Saturday, March 21, 2009

Spring Harpeth Float

I mentioned a couple of posts ago that I've gotten back to the river.
Back after a long break. From the time I was 14 and could drive my father's truck to the Little Tallapoosa until I was 17 and leaving home for college, I spent a lot of long, lazy, summer days on a stretch of water below my grandmother's house. Fishing, canoeing, wading, and thinking. Since then, I've visited rivers once in a blue moon, but mostly, they became lost amid the shuffle and chaos of life. I did not realize quite how much I missed them.

Last year, some twenty-plus years later, I gave into an impulse and picked up a couple of small kayaks for river floats. I've since found there is no better fishing than with a kayak, a paddle, a small rod, and a select kit of tackle. Yes, there's fishing that's simpler; I've wet a line with a cane pole from the bank many times in my life. But the kayak mobilizes you and puts you in spots where the fish live. You can slip in stealthily and cast to places that would be impossible to reach from shore. This summer, with the little yaks, I'm looking forward to floating and fishing several of middle Tennessee's rivers.


Yesterday, a friend and I did a run of the Harpeth River from Highway 70 to the take-out just past the Harris Street bridge. No fishing as the water level was way up, and we wanted to see how quickly we could make this roughly 9.5 mile run. It would up being just over two hours. Averaging nearly 5 mph in the smaller boats meant swift water, and this condition was a stark contrast to some of the very low water levels we experienced at the end of last summer. Only one spot--a set of rapids where the river runs alongside the road--gave us any pause, but the kayaks handled the swells quite well. The trick seemed to be taking them at a slight angle and letting the boat simply bob over the crests. A spray skirt might have been useful here as some spray did enter the cockpit.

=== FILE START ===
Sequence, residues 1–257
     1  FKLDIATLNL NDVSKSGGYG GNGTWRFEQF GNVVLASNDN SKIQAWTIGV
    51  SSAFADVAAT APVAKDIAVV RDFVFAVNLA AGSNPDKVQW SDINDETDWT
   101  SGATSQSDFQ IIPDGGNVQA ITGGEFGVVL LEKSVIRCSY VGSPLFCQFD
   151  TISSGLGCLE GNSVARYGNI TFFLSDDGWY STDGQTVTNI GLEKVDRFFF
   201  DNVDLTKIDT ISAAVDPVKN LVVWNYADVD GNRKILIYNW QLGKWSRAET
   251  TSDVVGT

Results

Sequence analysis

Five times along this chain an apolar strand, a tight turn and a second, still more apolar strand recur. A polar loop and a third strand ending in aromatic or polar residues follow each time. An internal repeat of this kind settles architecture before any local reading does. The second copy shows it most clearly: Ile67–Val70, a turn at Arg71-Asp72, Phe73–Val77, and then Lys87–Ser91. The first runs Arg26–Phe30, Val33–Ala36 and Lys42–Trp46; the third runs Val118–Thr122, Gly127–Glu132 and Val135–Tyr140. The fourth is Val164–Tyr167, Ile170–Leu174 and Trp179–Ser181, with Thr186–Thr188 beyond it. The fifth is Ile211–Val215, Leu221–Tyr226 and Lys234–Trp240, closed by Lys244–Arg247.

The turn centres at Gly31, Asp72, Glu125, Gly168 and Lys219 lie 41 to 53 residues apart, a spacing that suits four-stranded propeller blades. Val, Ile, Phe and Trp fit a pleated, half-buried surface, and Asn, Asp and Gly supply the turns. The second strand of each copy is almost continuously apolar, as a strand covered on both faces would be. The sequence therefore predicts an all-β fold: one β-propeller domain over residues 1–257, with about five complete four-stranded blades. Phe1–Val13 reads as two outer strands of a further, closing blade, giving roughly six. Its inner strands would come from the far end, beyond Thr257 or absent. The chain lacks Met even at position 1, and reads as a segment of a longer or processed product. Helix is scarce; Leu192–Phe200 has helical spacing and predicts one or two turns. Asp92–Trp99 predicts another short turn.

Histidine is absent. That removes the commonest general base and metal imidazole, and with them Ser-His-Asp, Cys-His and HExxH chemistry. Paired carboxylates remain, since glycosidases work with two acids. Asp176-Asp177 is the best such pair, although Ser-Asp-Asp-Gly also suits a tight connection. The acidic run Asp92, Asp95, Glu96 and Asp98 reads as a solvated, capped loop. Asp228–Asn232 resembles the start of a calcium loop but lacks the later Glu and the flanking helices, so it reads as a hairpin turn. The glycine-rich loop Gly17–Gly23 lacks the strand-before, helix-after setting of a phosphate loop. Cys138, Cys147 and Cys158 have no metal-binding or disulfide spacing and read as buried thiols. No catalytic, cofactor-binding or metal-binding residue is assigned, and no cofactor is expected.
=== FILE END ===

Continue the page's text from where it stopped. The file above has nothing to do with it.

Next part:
I used my iPhone to capture the float with an app called EveryTrail, a kind of log-book site for various GPS data captures. It worked nicely, the only exception being the elevation data, which is unreliable. One nice feature of the application is that it allows you to take photos along the way, and it "waypoints" these photos at the proper location along the track route.

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